Social Policy: Hard Bargaining in Las Vegas Hospitals March 28, 2013 - The Desert Springs contract had now expired. This was a big deal. Under U.S. labor law, when a contract expires, four dangerous things happen: workers can strike; the employer can lock workers out; the employer can stop collecting union membership dues from the workers’ paychecks; and the “permanent window” period for decertifying the union begins. […]
AlterNet: What I Learned in a Decade Fighting for the Labor Movement November 13, 2012 - AlterNet has published excerpts from my book Raising Expectations (and Raising Hell): My Decade Fighting for the Labor Movement. Read the excerpts over at AlterNet, I’ve reposted them below.
The Nation: Lessons From Wisconsin June 26, 2012 - Bill Fletcher and I were talking about the analysis and the coverage of labor’s defeat in the Wisconsin recall effort. After we each read some back and forth in The Nation, we decided to jump into the fray to call out the central issue of the lack of radical political education inside today’s unions. Read […]
The Nation: Building a Real Blue-Green Alliance April 21, 2012 - The following was released on The Nation. No one wants to dwell on the faults of a successful campaign. Featuring mass celebrity arrests and dramatic images of thousands encircling the White House, last year’s struggle to halt the Keystone XL pipeline has come to be regarded as a model of progressive activism in the Obama […]
Nation Conversations: Building a Real Blue-Green Alliance April 19, 2012 - It looks like you don’t have Adobe Flash Player installed. Get it now. The labor-environmental partnership, or, more colloquially, the blue-green alliance, has fallen into a state of disrepair. Even though pro-union environmentalists and a few unions worked together to fight the Keystone XL pipeline, the two camps ultimately remain divided, to their own detriment. In […]
The Nation: Labor’s Last Stand February 18, 2011 - I’ve penned another piece for The Nation titled “Labor’s Last stand” Emboldened by November’s election results, corporations and their right-wing allies have launched what they hope will be their final offensive against America’s unions. Their immediate target is government workers’ unions. While New Jersey’s Republican Governor Chris Christie has gained national fame by beating up on […]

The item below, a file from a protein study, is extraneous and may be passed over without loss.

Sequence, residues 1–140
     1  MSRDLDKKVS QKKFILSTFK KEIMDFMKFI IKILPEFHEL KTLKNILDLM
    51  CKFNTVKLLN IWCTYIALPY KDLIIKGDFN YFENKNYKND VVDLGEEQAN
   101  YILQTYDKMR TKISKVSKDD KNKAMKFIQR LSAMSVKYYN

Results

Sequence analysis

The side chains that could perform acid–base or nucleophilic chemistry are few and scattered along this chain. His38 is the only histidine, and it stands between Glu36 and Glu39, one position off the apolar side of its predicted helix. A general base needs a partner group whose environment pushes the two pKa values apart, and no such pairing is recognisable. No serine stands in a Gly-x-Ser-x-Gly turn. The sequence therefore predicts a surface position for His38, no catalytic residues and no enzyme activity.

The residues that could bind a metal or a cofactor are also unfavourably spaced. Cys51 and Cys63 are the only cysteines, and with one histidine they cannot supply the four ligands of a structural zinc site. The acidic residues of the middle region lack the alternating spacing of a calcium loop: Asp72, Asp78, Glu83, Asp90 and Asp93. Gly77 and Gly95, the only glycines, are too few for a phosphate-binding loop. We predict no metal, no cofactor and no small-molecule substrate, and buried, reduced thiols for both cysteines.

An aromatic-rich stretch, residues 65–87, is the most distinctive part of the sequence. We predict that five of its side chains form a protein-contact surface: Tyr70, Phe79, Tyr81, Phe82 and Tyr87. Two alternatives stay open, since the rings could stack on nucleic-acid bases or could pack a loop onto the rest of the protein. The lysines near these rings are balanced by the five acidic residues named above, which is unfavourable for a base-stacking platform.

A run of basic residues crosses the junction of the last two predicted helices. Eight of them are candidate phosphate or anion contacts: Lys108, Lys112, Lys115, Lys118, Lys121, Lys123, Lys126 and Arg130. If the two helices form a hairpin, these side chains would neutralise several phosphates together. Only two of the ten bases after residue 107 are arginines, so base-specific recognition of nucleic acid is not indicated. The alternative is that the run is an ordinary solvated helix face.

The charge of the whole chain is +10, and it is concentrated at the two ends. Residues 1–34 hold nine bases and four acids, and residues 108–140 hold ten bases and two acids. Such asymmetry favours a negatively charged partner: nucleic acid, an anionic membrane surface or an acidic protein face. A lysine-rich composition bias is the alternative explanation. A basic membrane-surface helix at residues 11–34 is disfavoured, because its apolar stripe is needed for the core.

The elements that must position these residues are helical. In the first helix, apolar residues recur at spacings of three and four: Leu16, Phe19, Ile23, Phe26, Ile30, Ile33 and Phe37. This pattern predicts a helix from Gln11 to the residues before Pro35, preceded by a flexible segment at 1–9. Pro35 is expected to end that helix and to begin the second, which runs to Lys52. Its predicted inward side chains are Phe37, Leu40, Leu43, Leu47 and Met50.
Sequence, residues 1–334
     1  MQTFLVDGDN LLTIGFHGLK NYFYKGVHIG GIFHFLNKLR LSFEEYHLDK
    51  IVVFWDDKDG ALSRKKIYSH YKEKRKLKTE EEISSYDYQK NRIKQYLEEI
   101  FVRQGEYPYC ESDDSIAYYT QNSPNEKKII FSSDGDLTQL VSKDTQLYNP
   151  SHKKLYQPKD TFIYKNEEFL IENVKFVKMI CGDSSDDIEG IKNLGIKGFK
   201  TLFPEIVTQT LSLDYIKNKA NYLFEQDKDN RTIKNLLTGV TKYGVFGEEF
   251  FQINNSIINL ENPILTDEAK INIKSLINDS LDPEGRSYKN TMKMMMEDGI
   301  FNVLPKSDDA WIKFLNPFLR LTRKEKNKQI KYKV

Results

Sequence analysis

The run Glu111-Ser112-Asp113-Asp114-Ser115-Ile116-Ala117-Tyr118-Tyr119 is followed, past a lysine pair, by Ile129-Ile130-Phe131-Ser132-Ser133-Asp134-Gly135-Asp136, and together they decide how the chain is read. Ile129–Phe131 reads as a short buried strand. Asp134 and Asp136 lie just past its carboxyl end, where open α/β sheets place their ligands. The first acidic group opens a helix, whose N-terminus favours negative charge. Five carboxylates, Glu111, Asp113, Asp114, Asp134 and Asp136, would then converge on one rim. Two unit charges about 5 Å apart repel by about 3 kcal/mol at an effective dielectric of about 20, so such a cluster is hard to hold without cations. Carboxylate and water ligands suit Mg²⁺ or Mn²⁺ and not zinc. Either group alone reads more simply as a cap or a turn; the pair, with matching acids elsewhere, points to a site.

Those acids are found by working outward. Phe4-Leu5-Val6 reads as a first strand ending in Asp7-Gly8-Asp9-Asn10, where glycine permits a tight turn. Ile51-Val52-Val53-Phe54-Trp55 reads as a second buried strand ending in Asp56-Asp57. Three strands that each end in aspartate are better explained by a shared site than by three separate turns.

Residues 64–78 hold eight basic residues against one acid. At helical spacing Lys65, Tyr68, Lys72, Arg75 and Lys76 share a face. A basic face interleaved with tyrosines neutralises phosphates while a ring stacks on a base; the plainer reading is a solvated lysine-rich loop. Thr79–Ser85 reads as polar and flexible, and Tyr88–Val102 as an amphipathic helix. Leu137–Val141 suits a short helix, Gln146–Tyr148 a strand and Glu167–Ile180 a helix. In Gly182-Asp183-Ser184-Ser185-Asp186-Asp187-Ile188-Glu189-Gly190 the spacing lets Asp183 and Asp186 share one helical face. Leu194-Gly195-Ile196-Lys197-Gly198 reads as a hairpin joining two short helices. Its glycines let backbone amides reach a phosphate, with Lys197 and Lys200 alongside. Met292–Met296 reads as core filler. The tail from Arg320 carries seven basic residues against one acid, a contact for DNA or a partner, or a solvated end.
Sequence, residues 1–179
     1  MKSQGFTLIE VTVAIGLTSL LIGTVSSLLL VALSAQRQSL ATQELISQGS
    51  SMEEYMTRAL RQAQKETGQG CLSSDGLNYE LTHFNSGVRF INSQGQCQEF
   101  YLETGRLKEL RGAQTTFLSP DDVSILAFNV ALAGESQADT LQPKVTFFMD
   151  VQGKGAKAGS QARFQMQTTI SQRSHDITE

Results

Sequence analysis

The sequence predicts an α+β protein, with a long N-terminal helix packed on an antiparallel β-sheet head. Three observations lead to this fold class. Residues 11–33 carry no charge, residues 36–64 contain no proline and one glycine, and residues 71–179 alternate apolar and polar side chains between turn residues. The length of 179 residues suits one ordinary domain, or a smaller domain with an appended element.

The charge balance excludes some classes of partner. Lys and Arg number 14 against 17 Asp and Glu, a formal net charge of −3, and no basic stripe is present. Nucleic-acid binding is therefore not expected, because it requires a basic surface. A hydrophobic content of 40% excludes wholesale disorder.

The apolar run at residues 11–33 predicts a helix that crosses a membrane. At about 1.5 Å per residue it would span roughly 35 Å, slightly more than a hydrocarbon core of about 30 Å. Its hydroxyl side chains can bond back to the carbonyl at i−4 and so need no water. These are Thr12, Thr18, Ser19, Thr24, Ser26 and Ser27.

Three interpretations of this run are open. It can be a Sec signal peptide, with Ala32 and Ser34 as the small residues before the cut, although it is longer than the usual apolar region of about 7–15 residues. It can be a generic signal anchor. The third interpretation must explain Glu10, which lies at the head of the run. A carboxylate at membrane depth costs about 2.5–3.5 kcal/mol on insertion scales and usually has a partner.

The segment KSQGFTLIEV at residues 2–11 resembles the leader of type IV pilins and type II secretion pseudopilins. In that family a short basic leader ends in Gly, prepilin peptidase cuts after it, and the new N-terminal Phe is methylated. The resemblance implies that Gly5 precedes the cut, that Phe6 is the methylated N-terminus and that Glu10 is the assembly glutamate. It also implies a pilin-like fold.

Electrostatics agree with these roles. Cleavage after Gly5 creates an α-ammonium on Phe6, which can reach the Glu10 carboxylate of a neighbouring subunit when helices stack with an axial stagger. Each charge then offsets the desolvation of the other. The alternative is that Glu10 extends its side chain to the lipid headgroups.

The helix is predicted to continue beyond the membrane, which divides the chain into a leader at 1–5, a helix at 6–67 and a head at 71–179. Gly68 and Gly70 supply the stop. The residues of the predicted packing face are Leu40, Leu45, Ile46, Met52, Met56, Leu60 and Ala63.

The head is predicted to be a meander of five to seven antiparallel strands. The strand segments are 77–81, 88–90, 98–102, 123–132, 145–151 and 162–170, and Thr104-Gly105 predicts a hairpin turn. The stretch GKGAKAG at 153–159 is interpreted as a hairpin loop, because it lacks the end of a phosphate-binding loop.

Nation Conversations: Why Unions Are Not the Problem February 16, 2011 - It looks like you don’t have Adobe Flash Player installed. Get it now. This week, thousands of public employees, students and their allies flooded Wisconsin’s streets to protest Governor Scott Walker’s plan to take away workers’ right to collective bargaining. This very public display of workers’ power is a much-needed reinvigoration of a beleaguered labor […]
The Nation: Making Unions Matter Again December 3, 2010 - I recently published a cover story in The Nation title “Making Unions Matter Again” Union organizers–paid staff and rank-and-file workers–should begin to take to the doors and begin to meet hundreds of thousands of workers and galvanize a movement to demand economic justice. If unions do this with unorganized workers and together they win campaigns, […]
AlterNet: Don’t Just Mobilize – Organize November 30, 2010 - Don’t mourn — organize! The classic union motto. So simple. We all agree with it, right? It is not something we need to seriously reflect on, right? We can just print it on a placard and stick it up on the wall by the coffee machine, right? Wrong. In fact, for the past few decades […]
New Labor Forum: It Takes a Community May 8, 2003 - The following is the full text from a piece I published in the New Labor Forum in 2003 summing up the Stamford Campaign. Download the original piece here (PDF) IT TAKES A COMMUNITY Building Unions From the Outside In This article is about a recent organizing campaign in Fairfield County, Connecticut. The Union Organizing Project, as it came […]
Z Magazine: War Against People and Environment January 1, 1990 - On November 10 1989 the eve of El Salvador’s recent insurrection, Guillermo Ungo, leading member of the Salvadoran political opposition, was meeting with EPOCA staff on the environmental crisis in El Salvador. It seems an odd juxtaposition that El Salvador’s opposition leadership would occupy themselves with problems of ecological deterioration as they prepared for the […]